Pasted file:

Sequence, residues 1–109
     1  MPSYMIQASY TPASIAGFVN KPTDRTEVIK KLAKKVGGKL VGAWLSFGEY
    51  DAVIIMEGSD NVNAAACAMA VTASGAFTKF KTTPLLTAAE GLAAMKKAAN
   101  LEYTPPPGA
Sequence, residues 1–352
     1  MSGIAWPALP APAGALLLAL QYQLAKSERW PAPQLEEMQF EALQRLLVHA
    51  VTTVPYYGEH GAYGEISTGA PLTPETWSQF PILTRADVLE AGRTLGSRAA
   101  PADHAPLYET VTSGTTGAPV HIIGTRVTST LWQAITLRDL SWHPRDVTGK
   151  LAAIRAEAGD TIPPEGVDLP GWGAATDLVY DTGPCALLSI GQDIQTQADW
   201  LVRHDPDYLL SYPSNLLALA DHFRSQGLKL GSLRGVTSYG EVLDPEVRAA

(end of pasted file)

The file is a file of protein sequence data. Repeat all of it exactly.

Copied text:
Sequence, residues 1–109
     1  MPSYMIQASY TPASIAGFVN KPTDRTEVIK KLAKKVGGKL VGAWLSFGEY
    51  DAVIIMEGSD NVNAAACAMA VTASGAFTKF KTTPLLTAAE GLAAMKKAAN
   101  LEYTPPPGA
Sequence, residues 1–352
     1  MSGIAWPALP APAGALLLAL QYQLAKSERW PAPQLEEMQF EALQRLLVHA
    51  VTTVPYYGEH GAYGEISTGA PLTPETWSQF PILTRADVLE AGRTLGSRAA
   101  PADHAPLYET VTSGTTGAPV HIIGTRVTST LWQAITLRDL SWHPRDVTGK
   151  LAAIRAEAGD TIPPEGVDLP GWGAATDLVY DTGPCALLSI GQDIQTQADW
   201  LVRHDPDYLL SYPSNLLALA DHFRSQGLKL GSLRGVTSYG EVLDPEVRAA